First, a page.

Doctor and others develop app to help people assist other experiencing opioid overdose

Group has developed an Android app; working on iPhone app.
Posted at 8:05 AM, Aug 09, 2022

SAN DIEGO (KGTV) — Doctor Mark Greenberg, who’s a a professor of anesthesiology and pediatrics at UCSD, was told once by a former surgeon general when it comes to the opioid crisis that one can either be a part of the problem or a part of the solution.

“Approximately 100,000 deaths from drug overdose; the great majority of those was opioids and the great majority of those was fentanyl,” Greenberg said.

It was those words and talking to his own children is what made an app his latest brainchild.

“And my daughter said, ‘Well, you know, at a party we had a kid who we found blue and gurgling and we didn’t know what to do. Called 911. We sort of got him through, EMTs came gave him Narcan and he woke up. But really freaked us out.’ And I said, ‘What would’ve helped?’ And they said, ‘I wish we had an app.’ And I said ‘I’m going to make one,’” Greenberg said.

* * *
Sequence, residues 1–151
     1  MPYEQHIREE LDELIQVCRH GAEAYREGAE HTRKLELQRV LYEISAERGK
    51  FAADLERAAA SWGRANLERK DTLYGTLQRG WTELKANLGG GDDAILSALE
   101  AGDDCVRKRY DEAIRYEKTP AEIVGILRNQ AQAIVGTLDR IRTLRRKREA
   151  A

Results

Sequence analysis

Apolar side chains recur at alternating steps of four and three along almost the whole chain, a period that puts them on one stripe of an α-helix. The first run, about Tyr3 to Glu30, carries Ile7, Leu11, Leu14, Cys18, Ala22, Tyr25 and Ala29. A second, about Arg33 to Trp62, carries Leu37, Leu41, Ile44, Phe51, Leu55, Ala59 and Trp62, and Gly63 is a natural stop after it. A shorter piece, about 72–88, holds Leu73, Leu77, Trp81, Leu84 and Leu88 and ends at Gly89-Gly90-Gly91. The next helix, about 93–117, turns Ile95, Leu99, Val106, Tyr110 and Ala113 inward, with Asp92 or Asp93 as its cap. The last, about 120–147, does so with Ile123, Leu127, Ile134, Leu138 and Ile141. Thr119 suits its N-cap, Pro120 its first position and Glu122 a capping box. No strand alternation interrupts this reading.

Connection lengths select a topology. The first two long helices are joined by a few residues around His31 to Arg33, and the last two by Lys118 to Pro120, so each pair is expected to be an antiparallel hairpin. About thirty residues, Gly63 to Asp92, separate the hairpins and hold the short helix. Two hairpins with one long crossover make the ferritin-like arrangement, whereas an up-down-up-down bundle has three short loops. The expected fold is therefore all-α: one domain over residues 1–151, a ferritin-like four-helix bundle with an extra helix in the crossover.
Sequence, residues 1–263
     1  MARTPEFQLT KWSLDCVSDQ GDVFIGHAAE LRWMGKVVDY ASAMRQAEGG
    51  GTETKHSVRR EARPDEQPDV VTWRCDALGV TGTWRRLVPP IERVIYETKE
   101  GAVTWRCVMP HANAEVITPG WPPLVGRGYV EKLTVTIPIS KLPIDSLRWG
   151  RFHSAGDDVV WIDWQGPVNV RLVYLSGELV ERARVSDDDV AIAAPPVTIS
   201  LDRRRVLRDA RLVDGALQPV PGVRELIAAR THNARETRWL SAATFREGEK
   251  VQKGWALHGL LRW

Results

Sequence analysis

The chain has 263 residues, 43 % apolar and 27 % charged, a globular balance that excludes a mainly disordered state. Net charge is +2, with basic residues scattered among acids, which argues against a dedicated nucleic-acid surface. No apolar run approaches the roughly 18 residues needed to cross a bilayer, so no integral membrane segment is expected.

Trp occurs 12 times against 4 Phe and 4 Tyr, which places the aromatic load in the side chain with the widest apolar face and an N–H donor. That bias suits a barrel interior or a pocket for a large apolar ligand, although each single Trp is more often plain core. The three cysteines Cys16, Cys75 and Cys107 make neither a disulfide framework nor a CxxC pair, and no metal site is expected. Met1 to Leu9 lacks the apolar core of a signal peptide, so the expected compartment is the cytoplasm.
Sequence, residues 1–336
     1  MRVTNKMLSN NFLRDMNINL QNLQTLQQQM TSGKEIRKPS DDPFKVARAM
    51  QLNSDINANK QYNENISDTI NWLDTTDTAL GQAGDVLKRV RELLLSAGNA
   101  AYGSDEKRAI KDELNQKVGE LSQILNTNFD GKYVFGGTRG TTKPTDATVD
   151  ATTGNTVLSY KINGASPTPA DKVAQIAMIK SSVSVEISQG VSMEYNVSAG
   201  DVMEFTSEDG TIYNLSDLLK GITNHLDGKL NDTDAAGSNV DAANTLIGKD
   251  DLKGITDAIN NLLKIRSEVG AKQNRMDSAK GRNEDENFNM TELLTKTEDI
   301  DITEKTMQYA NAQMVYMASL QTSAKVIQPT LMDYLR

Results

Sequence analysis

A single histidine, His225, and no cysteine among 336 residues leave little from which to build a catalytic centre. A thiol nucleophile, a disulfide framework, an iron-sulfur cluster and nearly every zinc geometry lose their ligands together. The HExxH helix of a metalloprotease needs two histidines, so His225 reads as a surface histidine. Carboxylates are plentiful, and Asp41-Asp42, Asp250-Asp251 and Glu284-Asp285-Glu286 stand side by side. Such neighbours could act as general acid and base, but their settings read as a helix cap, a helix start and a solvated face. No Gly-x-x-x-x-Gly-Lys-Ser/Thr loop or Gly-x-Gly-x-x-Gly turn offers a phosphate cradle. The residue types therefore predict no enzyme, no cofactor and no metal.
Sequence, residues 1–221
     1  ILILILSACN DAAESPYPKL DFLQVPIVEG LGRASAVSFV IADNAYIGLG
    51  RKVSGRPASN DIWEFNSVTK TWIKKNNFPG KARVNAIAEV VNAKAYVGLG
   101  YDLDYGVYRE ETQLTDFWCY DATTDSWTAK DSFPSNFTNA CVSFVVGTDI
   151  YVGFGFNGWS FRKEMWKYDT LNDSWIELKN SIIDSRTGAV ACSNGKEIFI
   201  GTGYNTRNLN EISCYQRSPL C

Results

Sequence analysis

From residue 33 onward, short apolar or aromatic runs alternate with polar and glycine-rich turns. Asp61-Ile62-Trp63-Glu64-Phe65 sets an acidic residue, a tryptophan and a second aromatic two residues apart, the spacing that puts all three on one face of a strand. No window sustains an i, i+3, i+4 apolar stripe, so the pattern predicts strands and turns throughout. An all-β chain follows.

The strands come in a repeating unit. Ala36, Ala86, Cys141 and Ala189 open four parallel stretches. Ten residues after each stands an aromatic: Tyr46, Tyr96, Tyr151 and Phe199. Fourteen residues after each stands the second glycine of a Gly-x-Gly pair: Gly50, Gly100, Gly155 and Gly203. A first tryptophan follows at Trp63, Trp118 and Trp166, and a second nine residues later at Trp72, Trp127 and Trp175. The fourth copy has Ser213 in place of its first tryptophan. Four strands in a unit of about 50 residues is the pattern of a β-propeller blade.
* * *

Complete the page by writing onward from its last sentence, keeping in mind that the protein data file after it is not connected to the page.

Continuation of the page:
Greenberg and his team’s app is called ODrescueME.

It walks untrained people through how to do CPR and other basic lifesaving skills for opioid overdoses and other serious situations.

“So identifying if the victim is unconscious, then opening the air way and looking for breathing. If the patients not breathing, you can elect to give two rescue breaths or go right to compressions,” Greenberg said.

The app also walks someone through how to administer Narcan or an AED if they have either one.

“Some of the participants; one of the things we did when we talked to them is, ‘Have you had any experience,’ and couple of people lost friends. One person lost three friends from fentanyl,” Greenberg said.

After completing a pilot study, Greenberg and his team are waiting for approval for a formal scientific study.

The hope is to get the app is to get on as many phones as possible.

“I mean the technology is so simple but not out there. I mean it’ll be a huge relief.” Greenberg said. “It’ll really make me feel good to get stories that lives were saved.”

Greenberg expects to hear back on the formal scientific study approval in a few weeks.

Currently, the team's developed an Android version of the app but, they’re working on an iPhone version of the app.